During the mid-nineteenth century, the U.S. Army issued only the barest of cooking gear for each company. “Our cooking utensils, furnished by the government, were of the most primitive description,” recalled William Westervelt, a veteran of the 27th New York Infantry. “The kettles, mess pans and frying pans were all made of sheet iron.”1 In fact, the Quartermaster Department officially provided only three items for cooking.
The camp kettle was the most ubiquitous of the Army’s issued cooking gear. Looking more like a pail than a true kettle, this pot was used to boil beans, meat and other army food. Manufactured in three sizes that fit within each other for easier storage, two sets or six camp kettles were allowed for an infantry company of 45 men.
The Quartermaster Manual of 1865 provides a detailed description: “Camp kettles, – to be of 3 sizes made of good American sheet iron, and so as to fit into each other in nests of three, viz: – No. 1, the largest size, should be 12 inches diameter and 11¾ inches deep, and to contain 4½ gallons. No. 2, to be 10¼ inches diameter, 11¼ inches deep, and to contain 3½ gallons. No. 3, to be 9½ inches diameter, 11¼ inches deep, and to contain 2½ gallons. All to have iron wire bails, 5-16 of an inch diameter, the ends of which to be drawn down to a point. Weight of a nest of three kettles, 17 ¼ to 17 ½ pounds.”2
The second most important Army issued cookware was known as the mess pan, fifteen of which were allowed for a company of 45 men. These shorter pans were not intended for cooking; rather they were generally used for serving food. The Quarter-master Manual describes this item as follows: “Mess pans, – to be made of good American sheet iron, 11½ inches diameter at top, and 8½ inches at the bottom, 5¼ inches deep; to contain 5 quarts. Weight about 2 pounds.” Figure 1 illustrates the basic shapes of both the camp kettle and the mess pan.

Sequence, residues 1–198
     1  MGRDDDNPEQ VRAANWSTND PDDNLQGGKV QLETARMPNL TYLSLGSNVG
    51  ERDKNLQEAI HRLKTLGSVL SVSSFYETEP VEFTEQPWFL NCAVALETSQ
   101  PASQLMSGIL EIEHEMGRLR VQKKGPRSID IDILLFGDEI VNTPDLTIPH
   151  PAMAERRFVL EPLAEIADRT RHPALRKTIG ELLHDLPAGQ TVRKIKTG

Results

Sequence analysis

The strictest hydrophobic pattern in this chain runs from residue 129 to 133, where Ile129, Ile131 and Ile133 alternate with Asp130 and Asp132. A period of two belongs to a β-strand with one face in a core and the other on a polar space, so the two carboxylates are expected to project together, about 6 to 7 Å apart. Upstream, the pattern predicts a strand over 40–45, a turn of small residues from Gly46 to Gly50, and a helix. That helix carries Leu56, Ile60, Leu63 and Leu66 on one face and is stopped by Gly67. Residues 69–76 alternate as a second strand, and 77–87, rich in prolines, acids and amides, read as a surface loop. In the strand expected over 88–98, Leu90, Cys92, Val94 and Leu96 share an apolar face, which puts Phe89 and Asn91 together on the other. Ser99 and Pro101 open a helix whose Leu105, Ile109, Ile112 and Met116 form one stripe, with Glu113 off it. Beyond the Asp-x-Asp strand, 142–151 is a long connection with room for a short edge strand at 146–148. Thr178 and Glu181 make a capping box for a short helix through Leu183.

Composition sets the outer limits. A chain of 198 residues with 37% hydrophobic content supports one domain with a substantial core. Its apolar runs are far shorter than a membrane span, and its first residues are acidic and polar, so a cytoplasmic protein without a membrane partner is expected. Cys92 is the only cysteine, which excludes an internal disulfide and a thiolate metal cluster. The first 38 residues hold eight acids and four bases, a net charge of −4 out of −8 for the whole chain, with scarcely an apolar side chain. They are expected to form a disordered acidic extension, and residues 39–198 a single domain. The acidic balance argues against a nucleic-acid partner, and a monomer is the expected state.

Units stationed at garrisons such as those guarding Washington, D.C. or in temporary winter cantonments could also draw one iron pot per company. Because of their weight, they were not generally allowed in the baggage train in the field but they were valuable additions to the limited cooking gear when a unit was stationary.
The Quartermaster Manual describes these as: “Iron pots, – to be of cast iron, No. 9; diameter outside at top, 15 3/8 inches; depth inside, 11½ inches, with three legs on bottom, 3½ inches long; lug or ear on opposite sides of top, for the bail; the bail to be of round iron wire, 7-16 of an inch diameter. Weight of pot, completed, 35 to 37 pounds, and to contain 6 gallons.”
Together, these three items – the camp kettle, the mess pan, and the iron pot – were the standard issue cooking gear for enlisted men in the regular and volunteer army. Occasionally, other cooking items such as sheet iron frying pans were provided. But most often, any additional cooking equipment and utensils were purchased by the unit from their company fund.
To store and transport their cooking equipment, each company also had a wooden mess chest, clearly marked with their unit identification. No standard design was used but period photographs do show that they all shared some basic characteristics. So if you want to improve your Civil War encampment, consider adding the appropriate cook gear around your camp fire.
1. William B. Westervelt, Lights and Shadows of Army Life, as Seen by a Private Soldier (Marlboro, NY: C. H. Cochrane, 1886) p. 6.
2. Bvt. Maj. George H. Crosman, The 1865 Quartermaster Manual, edited by Earl J. Coates & Frederick C. Gaede (privately printed, 2013).